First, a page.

Sorting out Sounds - Auditory Processing Disorder
Do you ever get the feeling that your child can hear you, but they behave as if they can’t?
It’s possible that they have an auditory processing disorder (APD).
What is an Auditory Processing Disorder?
An auditory processing disorder occurs when there is a defect in the auditory pathway between where sound is turned into nerve impulses (in the ear) and where sound is processed and finally perceived (in the auditory cortex of the brain).
As a result, all the sounds entering the ear at the one time may not be sorted properly on their way to the brain, making it more difficult for the brain to register and respond to the important sounds contained within that mix of sounds (such as an instruction).
How do we process sound?
We have a steady flow of different sounds entering our ears. For those without an auditory processing disorder, these sounds seamlessly move along the auditory nerve into the brainstem where they start to be filtered and sorted, and then into the auditory cortex (the part of the brain that is specialised to process sound). The auditory cortex exchanges information with other parts of the brain, including our frontal lobe that directs attention, and anything that is deemed useful (such as an instruction from a teacher or parent) is emphasised. Anything else, such as background noise of others talking, music or noise from traffic, for example, is filtered out and discarded.
Once the important sound is processed by the brain and a response is prepared, you can verbalise that response, or take action in another way. In doing so, you show the person speaking to you that you have heard, processed and understood what they have said to you.
Those with an auditory processing disorder receive the same sounds but process them differently. Instead of picking out the important instruction within the collection of sounds, the filtering system allows other sounds to pass through. This could be the words that children sitting around you are saying, or a lyric from music playing in the room. Now, it is much harder for the brain to work out which sounds are the important ones, in turn making it much harder for the child to prepare an appropriate response.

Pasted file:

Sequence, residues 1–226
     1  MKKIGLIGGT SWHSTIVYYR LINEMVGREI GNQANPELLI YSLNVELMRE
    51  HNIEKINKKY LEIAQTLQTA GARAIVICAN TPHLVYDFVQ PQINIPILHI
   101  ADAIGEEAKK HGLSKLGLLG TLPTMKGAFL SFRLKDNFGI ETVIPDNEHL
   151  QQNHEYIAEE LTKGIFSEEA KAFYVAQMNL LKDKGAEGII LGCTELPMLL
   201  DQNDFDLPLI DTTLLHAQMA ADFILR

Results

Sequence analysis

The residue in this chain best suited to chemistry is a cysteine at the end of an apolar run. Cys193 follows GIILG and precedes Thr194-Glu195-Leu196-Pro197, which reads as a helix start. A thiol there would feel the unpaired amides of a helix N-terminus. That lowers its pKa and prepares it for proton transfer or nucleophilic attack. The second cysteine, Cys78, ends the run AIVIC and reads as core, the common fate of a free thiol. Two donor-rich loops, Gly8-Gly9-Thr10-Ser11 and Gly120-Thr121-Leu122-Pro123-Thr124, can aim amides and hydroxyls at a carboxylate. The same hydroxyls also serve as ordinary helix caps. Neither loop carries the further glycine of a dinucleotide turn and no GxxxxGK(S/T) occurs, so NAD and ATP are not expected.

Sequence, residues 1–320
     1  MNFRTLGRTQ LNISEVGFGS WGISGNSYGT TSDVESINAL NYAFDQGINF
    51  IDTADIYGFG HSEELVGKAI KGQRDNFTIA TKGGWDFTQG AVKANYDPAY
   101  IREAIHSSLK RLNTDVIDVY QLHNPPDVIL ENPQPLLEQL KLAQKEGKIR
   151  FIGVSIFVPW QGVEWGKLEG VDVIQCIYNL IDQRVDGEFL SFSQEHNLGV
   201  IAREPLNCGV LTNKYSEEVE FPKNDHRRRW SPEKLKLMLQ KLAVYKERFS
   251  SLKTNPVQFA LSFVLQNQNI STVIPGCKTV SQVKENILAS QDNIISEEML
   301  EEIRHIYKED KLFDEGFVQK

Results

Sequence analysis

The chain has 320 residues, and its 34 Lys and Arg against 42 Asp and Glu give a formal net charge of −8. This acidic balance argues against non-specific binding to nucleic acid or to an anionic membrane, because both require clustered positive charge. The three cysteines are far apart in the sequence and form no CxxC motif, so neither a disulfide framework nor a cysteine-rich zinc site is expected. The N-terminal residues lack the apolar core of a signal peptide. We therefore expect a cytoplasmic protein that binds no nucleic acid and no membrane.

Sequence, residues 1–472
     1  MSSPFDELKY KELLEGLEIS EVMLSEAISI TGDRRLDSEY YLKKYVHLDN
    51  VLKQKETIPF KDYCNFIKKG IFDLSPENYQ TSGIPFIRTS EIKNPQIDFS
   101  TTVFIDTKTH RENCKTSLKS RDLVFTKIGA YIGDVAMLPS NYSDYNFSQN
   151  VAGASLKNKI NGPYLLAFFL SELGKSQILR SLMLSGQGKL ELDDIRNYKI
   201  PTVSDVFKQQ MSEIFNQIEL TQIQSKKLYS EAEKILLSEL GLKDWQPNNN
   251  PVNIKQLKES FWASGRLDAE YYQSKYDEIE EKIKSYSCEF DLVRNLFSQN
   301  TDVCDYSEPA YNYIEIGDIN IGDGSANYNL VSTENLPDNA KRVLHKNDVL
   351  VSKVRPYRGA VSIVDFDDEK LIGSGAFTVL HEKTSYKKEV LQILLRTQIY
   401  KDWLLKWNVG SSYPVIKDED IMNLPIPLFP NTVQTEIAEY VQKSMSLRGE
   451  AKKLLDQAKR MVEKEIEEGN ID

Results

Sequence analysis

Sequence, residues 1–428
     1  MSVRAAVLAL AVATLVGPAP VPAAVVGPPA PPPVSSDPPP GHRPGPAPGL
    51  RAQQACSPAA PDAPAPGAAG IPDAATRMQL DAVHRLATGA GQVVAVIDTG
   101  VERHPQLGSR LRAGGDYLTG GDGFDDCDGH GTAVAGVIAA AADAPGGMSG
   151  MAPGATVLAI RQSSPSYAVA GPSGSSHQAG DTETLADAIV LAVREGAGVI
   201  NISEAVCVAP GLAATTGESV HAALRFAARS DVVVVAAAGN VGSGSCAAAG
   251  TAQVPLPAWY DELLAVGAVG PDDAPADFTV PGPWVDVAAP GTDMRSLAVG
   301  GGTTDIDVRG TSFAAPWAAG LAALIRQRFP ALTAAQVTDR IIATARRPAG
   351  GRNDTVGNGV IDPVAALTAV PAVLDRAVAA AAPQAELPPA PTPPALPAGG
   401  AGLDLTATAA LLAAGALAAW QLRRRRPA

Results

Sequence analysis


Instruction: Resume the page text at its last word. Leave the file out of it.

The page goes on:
It’s easy to see how this could be interpreted as a child not hearing in the first place, when actually they are “hearing” all the sounds, but are unable to process those sounds in a meaningful way.
How can you tell if someone is having trouble processing sound, compared to hearing sound?
Based on observing behaviour alone, it can be difficult to understand if a child is not hearing you, or if they are hearing you but not processing what you are saying. Often an auditory processing disorder may be misdiagnosed as a behavioural issue or a hearing issue, because it appears as if the child isn’t able to pay attention, or isn’t hearing instructions. Auditory processing disorders can also cause problems socially for a child, who, for example, may have trouble communicating with friends in a noisy playground.
Signs of Auditory Processing Disorder
US-based website KidsHealth identifies a number of behaviours to look out for as possible signs of an auditory processing disorder, but it is important to note that these same issues could also be caused by something else. Behaviours to look out for include:
- Finding it hard to follow conversations or a series of instructions
- Being easily distracted or upset by loud or sudden noises
- Behaving better in quiet environments compared to noisy ones
- Having issues with reading, writing, spelling or speech
- Appearing to be disorganised or forgetful